Last week, Maryland’s Legislature enacted an $8.5 billion package of tax breaks and infrastructure improvements to lure Amazon into building its second corporate headquarters in Montgomery County, Maryland, bordering Washington, D.C.
State Senator Roger Manno, the only legislator from the county to vote against the subsidy, dubbed it “a $5 billion tax break for the richest man in the world. . . .”*
Today, the Montgomery County Council will consider a further proposal to streamline its zoning process, cutting in half the time the county takes to review a proposed development.
“We are trying to make sure our processes are consistent with everybody else,” County Executive Ike Leggett explained, adding that the county now “sometimes takes 100 to 120 days, while many other jurisdictions are much less than that.”
Did Leggett say “consistent with everybody else”? Well, the new zoning rules won’t apply to every business, just those planning to hire 25,000 workers. Or more.
“It’s neutral to the employer,” County Council President Hans Riemer slyly suggested. “It’s a proposal that would allow any really large employer to come in and build under certain terms.”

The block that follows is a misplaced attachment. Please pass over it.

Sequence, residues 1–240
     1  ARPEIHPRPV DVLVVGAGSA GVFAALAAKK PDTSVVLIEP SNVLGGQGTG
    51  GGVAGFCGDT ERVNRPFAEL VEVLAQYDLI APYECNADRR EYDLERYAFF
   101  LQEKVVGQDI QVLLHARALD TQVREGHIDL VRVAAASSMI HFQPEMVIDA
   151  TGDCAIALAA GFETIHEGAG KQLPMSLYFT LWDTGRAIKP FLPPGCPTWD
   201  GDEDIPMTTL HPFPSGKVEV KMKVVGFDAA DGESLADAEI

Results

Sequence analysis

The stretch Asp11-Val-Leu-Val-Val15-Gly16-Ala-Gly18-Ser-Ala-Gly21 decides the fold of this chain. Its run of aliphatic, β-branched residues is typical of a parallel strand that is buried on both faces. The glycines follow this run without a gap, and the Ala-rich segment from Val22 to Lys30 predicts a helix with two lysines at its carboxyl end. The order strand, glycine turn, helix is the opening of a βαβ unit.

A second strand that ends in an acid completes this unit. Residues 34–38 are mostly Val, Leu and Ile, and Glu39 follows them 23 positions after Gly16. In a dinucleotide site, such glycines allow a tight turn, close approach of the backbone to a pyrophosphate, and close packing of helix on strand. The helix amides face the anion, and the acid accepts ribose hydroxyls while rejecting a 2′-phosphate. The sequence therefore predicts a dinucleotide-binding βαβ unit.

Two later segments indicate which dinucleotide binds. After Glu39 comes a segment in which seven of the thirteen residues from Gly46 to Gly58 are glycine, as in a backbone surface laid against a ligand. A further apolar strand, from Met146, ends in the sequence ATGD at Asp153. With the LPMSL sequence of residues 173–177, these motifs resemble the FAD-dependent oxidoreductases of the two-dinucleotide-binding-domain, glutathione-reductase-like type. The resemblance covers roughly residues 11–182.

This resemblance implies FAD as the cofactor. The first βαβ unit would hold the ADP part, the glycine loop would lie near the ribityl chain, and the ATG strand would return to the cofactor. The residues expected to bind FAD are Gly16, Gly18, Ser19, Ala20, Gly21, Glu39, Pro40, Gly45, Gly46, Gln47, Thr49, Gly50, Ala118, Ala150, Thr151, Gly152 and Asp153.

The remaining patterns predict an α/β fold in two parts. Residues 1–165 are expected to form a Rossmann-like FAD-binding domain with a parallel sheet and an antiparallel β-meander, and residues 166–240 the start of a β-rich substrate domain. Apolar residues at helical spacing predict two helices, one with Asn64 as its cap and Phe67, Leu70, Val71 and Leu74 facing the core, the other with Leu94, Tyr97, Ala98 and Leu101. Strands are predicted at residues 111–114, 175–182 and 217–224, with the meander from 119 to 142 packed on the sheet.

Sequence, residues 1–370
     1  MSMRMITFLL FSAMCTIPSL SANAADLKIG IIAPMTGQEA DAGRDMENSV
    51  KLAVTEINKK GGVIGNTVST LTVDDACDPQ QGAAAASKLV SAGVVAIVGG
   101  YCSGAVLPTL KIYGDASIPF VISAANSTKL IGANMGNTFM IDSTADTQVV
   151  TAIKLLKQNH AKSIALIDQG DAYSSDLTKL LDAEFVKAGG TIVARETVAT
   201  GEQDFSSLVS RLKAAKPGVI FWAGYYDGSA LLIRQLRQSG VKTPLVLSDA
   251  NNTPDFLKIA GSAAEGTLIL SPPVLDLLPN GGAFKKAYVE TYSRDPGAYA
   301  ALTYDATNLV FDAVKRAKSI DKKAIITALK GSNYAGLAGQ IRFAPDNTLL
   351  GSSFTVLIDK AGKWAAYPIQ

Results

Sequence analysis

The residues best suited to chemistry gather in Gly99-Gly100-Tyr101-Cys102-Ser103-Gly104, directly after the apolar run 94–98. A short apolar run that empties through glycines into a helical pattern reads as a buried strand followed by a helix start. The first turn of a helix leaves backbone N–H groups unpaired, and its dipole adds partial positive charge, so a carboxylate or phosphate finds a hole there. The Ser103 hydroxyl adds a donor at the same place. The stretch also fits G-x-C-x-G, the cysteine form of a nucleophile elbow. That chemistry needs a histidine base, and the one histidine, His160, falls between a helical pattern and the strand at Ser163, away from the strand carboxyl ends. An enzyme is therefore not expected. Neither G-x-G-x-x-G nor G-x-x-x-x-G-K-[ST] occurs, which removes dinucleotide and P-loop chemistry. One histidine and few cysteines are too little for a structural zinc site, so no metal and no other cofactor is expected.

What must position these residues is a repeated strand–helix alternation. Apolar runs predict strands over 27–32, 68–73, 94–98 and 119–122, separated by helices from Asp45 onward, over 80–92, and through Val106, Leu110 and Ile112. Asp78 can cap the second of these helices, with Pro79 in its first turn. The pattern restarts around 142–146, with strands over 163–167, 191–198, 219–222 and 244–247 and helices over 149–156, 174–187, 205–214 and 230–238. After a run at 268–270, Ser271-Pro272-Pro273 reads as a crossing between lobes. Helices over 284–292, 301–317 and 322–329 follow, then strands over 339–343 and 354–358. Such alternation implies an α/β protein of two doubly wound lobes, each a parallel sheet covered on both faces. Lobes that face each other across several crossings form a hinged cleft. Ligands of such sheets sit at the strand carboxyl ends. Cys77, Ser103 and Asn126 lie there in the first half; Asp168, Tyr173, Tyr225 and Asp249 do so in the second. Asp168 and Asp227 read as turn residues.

But only Amazon would be large enough.
“Really what it does is it creates predictability, reliability,” offered Riemer. But wouldn’t every other business also benefit from “predictability” and “reliability”?
“I think the Amazon proposal made the county realize . . . that it needed to look at some of its practices and where it has been criticized,” noted Bob Buchanan, chairman of the Montgomery County Economic Development Corporation. “We were more process versus results.”
And the county intends to remain that way . . . for “every” current business.
This is Common Sense. I’m Paul Jacob.
* He was referring, of course, to Amazon founder and owner of the Washington Post, Jeff Bezos.